“They all go together.”#Bengals owner Mike Brown on how Tee Higgins’ situation is impacted by Burrow’s ongoing negotiations.
“There is an order there. It is very complicated in the sense that how long do you ride with that outlook before you change it?” — Full response ⬇️… pic.twitter.com/h2oPLnXpAk
— Olivia Ray (@OliviaRayTV) July 24, 2023
So where do things stand with Burrow? Well, all sides are staying quiet. There have been no leaks indicating where the team and quarterback stand in negotiations as training camp opens, which has been by design. Both Brown and de facto general manager Duke Tobin have said they would not discuss Burrow’s extension negotiations as both the team and player sides have agreed to stay quiet.
“I have bound myself not to talk about Joe’s contract,” Brown said, per ESPN. “I don’t think it’s helpful for the negotiations. The other side has made the same commitment and they have not broken it.”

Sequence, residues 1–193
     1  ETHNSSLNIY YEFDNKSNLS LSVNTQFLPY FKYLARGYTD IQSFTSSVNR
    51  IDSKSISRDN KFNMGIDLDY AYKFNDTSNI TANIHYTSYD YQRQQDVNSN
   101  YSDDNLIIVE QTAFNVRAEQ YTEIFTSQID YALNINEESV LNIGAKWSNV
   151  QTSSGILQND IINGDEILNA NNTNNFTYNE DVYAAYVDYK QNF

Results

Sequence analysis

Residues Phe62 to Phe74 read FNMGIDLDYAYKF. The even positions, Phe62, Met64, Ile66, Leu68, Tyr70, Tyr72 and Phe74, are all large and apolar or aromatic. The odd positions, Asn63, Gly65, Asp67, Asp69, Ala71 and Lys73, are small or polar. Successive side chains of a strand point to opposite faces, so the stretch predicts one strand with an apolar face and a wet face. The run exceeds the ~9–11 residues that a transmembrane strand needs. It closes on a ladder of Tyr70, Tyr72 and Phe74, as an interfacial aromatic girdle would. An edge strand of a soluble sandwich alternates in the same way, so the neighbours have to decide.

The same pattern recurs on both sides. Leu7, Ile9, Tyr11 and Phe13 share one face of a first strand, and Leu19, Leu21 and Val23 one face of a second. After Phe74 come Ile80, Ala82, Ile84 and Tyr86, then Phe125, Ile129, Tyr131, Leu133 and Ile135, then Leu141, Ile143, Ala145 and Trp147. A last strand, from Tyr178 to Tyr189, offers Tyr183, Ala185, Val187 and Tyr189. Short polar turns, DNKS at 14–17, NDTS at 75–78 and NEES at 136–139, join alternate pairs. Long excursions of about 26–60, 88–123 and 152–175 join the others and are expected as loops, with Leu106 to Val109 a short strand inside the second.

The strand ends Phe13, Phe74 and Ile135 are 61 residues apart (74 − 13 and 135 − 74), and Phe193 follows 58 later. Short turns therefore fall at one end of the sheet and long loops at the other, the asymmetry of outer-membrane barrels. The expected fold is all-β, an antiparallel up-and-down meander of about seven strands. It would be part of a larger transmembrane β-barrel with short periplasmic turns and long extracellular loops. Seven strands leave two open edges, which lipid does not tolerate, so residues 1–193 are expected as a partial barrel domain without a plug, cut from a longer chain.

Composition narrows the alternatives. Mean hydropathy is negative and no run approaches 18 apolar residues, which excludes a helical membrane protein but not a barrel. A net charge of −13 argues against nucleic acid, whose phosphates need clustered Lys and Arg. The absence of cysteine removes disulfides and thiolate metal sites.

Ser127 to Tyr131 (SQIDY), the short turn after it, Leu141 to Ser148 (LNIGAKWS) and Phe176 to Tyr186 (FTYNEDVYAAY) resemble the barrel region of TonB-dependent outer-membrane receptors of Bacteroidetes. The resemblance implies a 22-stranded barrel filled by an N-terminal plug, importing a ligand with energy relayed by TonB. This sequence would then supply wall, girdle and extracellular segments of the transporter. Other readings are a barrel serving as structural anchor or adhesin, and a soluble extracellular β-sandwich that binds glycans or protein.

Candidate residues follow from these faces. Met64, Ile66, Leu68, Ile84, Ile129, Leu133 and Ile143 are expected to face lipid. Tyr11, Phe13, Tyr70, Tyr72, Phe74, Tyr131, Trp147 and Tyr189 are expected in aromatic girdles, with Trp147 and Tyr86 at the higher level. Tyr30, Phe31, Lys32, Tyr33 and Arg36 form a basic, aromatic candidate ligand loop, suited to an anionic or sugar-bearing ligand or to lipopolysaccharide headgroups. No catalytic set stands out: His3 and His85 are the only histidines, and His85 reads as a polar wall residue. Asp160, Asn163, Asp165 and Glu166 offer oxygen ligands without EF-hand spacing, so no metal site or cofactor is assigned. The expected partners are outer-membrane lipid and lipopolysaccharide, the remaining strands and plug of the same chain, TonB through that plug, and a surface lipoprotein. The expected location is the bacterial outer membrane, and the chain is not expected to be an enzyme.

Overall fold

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Despite the lack of extensions for Burrow and Higgins, who are both eligible this offseason, the two are both reportedly at training camp, according to ESPN, avoiding the holdout tactics that have been used by other players in similar positions. The team has one more year remaining of control on Burrow via the fifth-year option, while Higgins would hit free agency after the 2023 season.
Chase won’t be extension-eligible until next summer and presumably has two more years remaining of team control with his fifth-year option all but certain to be picked up.
Though there are challenges in keeping all three core players in Cincinnati long-term, the team remains invested in trying to make it happen. Tobin said optimism remains that they will be able to keep all three, in part because Burrow “understands the big picture and we understand the big picture.”
“We’re not out looking to replace [Higgins and Chase] with other guys,” Tobin said, per ESPN. “We’d like to keep them around. We’ll see if that’s possible. I can’t predict that, but we’re definitely hopeful that we have long-term relationships with the guys.”